The Indian forces fought in most theatres of war including Gallipoli and North and East Africa. In all 47,746 were classed as killed or missing with 65,000 wounded. The 49th Bengalees were sent post haste to Mesopotamia ( modern Iraq) after the surrender of the British forces in Iraq to the Turkish Army. They reached Baghdad in September 1917 and were assigned to garrison duties . The unhealthy climate took their toll and large numbers of the troops fell sick. In 1918, in an embarrassing incident, later blamed on personal jealousies, 3 officers were shot while they slept by two of their comrades. The regiment did not see any combat , however , being on garrison duties or guard duties during the war. The regiment was one of the first to be demobilised after the war and it ceased to exist on 31 August 1920. The regiment, it must be said, did not really cover itself with glory. As the Hansard ( British parliament transcripts) records:
HL Deb 10 August 1920 vol 41 c1179 1179
My Lords, I beg to ask His Majesty's Government whether the Bengali Regiment has been disbanded and whether the Government of India were satisfied with its military efficiency.
§ LORD SINHA
My Lords, the 49th Bengali are being disbanded in the same way as other units raised during the war which are now surplus to requirements, but a part of the unit is being retained for the present. The unit was not well reported on whilst on field service in Mesopotamia.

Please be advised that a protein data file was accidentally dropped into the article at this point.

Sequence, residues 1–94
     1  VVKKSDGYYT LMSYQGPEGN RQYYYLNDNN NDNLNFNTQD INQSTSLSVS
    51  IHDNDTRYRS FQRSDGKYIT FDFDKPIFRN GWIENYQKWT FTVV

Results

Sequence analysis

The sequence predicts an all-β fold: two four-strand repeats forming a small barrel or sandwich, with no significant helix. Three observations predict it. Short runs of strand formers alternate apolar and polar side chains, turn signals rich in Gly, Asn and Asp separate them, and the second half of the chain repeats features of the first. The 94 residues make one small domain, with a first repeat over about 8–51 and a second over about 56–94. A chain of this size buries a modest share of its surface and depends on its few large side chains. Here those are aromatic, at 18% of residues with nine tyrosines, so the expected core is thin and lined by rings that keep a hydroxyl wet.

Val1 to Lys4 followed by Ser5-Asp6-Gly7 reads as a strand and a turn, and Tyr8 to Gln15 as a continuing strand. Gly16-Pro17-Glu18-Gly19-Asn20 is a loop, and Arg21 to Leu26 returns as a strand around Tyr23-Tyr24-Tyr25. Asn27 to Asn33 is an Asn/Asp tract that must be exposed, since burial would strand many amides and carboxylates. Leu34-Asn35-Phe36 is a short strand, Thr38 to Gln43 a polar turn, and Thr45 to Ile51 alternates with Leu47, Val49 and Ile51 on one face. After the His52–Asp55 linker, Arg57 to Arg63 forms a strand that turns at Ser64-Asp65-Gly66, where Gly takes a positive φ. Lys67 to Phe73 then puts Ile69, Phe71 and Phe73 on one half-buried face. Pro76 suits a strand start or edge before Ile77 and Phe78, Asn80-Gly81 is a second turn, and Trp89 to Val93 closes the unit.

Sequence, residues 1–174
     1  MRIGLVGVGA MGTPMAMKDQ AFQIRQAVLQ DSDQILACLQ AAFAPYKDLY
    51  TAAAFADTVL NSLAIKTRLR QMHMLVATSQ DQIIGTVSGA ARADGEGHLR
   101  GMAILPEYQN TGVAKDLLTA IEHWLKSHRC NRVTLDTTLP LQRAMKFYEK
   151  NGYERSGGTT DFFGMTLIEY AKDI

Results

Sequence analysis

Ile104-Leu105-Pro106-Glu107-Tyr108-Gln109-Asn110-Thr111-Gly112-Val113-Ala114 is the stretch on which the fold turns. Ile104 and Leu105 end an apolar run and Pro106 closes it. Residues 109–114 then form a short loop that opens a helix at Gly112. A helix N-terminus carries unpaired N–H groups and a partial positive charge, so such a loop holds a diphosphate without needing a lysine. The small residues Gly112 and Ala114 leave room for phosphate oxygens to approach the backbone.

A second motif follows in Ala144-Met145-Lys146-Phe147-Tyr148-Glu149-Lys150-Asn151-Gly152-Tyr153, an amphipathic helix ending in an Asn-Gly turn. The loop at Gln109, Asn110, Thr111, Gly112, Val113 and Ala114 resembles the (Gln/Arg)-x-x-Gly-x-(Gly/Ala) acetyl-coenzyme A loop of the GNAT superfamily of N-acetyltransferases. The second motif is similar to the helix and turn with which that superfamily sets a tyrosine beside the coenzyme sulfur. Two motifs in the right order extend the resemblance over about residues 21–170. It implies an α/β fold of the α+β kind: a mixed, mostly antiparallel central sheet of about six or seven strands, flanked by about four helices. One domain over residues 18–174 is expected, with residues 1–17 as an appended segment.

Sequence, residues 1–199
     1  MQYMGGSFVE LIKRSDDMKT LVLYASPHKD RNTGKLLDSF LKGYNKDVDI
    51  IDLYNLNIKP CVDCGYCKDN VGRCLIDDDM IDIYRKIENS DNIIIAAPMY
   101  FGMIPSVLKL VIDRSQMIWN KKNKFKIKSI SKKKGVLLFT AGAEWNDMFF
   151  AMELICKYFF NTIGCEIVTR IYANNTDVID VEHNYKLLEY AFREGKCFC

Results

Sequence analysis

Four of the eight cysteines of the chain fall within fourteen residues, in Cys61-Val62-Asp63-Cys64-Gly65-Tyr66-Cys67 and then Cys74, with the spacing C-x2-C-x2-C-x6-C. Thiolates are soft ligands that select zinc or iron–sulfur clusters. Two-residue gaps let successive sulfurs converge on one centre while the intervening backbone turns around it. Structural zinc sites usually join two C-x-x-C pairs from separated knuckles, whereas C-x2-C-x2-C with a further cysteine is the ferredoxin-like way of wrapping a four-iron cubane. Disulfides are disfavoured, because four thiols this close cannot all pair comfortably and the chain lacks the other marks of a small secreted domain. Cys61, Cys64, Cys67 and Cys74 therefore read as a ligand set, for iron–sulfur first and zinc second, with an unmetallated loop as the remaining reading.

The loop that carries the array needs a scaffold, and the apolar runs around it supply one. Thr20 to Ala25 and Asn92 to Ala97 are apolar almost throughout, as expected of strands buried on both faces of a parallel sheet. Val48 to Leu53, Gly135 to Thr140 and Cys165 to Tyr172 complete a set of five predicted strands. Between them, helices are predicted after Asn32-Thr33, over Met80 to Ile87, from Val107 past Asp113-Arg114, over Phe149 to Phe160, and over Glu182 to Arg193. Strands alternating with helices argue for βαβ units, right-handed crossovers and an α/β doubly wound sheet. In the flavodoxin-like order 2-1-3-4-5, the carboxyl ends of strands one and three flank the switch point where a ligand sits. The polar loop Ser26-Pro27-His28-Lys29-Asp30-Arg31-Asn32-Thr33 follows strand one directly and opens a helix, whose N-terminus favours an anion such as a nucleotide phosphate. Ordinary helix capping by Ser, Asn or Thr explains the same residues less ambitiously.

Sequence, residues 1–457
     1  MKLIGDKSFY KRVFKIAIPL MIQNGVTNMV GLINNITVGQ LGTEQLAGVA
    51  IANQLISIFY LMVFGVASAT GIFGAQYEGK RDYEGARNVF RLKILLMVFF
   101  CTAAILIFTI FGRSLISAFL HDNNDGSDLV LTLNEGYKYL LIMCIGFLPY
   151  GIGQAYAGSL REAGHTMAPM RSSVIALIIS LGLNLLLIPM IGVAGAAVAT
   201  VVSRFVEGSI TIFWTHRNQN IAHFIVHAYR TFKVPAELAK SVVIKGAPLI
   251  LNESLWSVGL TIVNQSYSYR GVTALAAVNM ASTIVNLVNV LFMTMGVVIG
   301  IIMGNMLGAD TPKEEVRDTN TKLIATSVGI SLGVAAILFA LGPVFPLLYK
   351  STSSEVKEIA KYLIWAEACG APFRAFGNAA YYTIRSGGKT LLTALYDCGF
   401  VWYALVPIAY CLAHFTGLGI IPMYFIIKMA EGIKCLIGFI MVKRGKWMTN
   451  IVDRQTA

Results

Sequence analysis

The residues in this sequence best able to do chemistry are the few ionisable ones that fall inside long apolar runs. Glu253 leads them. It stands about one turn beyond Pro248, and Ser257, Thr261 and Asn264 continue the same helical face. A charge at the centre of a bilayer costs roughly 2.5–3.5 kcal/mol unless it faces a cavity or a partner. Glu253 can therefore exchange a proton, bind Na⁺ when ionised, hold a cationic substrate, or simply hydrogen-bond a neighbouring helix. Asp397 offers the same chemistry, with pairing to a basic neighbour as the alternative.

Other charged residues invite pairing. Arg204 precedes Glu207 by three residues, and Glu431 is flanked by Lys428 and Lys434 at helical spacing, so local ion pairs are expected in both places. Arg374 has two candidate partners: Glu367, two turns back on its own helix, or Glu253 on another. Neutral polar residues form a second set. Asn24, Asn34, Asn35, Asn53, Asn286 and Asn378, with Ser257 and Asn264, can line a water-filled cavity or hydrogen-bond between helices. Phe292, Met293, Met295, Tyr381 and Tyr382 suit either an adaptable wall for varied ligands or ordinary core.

However, the reason why I recounted this story was that I noticed for the first time , the memorial to the 49th Bengalees in College Square this January when I was In Calcutta. I must have passed it innumerable times, it is just beside where we used to have puchkas in our younger days, but I had never noticed it before. Perhaps it has had a facelift. The memorial is raised “In memory of members of The 49th Bengalee Regiment who died in the Great War, 1914-1918, To the Glory of God, King and Country.” as depicted in the base of this erection. There is a list of names of those who died during the First World War with their district of origin. There are 60 odd names mostly Hindu with a smattering of Muslims as well. The districts of origin were Calcutta, Midnapore, Pabna, Mymensinh, Murshidabad, Nadia, , Jessore, Burdwan, Pabna, Chittagong, Khulna, Barisal, Faridpore, , 24-Parganas and Tipperah.
It has been painted fairly recently, but as the picture shows, has been liberally used as a spittoon and as a dump for rubbish. It is unfortunate that this important monument to a little recalled history should suffer such indignity. Surely the only Bengali Regiment ever raised deserves more.
I am indebted to the article : A Bengali Infantry Regiment in the Great War by Ashok Nath, FRGS* in Peace and Security Review Vol. 4, No. 7, First Quarter, 2011, pp. 32-44 for most of the information about the Regiment.